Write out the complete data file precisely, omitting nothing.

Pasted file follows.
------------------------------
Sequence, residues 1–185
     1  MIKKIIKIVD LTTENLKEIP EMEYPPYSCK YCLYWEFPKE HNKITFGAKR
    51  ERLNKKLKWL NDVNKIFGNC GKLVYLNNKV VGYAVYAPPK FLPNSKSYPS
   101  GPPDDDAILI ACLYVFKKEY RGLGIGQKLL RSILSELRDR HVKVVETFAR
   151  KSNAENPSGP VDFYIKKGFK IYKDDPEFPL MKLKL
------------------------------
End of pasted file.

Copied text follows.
Sequence, residues 1–185
     1  MIKKIIKIVD LTTENLKEIP EMEYPPYSCK YCLYWEFPKE HNKITFGAKR
    51  ERLNKKLKWL NDVNKIFGNC GKLVYLNNKV VGYAVYAPPK FLPNSKSYPS
   101  GPPDDDAILI ACLYVFKKEY RGLGIGQKLL RSILSELRDR HVKVVETFAR
   151  KSNAENPSGP VDFYIKKGFK IYKDDPEFPL MKLKL